# Reducing threshold questions to finiteness questions

It is usually simpler to reason about calculus where the limitation is finiteness of computation rather than a threshold like "computable in polynomial amount of time".

In formal languages theory for example, rather to use the $\exists n. x^{n+1} = x^n$ to characterize aperiodic monoïd, it is easier to use profinite words so that $x^{\omega+1} = x^{\omega}$.

In complexity theory, the only technic I know which is linked to that is the padding trick for example linking the problem of P vs NP to EXPTIME vs NEXPTIME. But the natural infinite equivalent of complexity questions would be computability ones'.

Are there some results that link complexity to computability questions using some encoding such that the resource threshold of complexity theory becomes a finiteness question of computation in computability theory ?

• Your example of profinite words is reminiscent of nonstandard arithmetic and analysis. From this viewpoint, one can view polynomial versus super-polynomial as the following finiteness question (I realize this is sort of a hack, but I think it's similar to the profinite word trick): Let $T(n)$ be the max runtime of Turing machine $M$ on inputs of length $n$. Then $M$ runs in polynomial time iff $\limsup_{n \to \infty} \log T(n) / n$ is finite. Probably this can be turned into a strange "profinite" model of computation in which the preceding expression really is the "runtime" in that model. – Joshua Grochow Jul 30 '13 at 17:58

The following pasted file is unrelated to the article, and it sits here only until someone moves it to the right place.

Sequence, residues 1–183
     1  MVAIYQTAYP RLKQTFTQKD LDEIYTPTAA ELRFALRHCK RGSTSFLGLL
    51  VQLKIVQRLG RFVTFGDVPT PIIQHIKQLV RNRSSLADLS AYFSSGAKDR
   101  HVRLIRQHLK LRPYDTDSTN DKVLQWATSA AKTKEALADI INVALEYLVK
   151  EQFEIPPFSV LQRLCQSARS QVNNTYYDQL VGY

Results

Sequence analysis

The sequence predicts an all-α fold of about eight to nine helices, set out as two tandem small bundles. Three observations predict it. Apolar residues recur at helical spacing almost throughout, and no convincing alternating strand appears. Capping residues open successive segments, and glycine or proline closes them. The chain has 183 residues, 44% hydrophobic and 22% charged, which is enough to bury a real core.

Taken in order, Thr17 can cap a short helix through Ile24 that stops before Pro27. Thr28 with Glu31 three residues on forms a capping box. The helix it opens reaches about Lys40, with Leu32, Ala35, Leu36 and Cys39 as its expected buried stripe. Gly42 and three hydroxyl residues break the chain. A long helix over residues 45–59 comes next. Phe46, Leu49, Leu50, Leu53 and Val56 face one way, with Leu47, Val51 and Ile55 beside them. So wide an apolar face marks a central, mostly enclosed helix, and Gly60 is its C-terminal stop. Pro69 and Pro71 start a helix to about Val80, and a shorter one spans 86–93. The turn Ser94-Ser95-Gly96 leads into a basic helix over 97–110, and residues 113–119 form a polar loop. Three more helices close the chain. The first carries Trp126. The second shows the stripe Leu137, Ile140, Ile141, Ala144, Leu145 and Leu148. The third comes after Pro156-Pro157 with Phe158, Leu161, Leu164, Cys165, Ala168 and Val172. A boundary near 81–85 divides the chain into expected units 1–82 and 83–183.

Sipser proved that no infinite parity can be computed by an (infinite) circuit of any constant depth, which you can view as a warm-up to the result that PARITY is not in $AC^0$.
The fields of descriptive complexity, and implicit complexity could be viewed as taking this kind of approach. They both turn a resource constraint (like $P$ or $NP$) into expressibility of the problem in a logical formalism (for descriptive complexity) or in a specific programming language (for implicit complexity).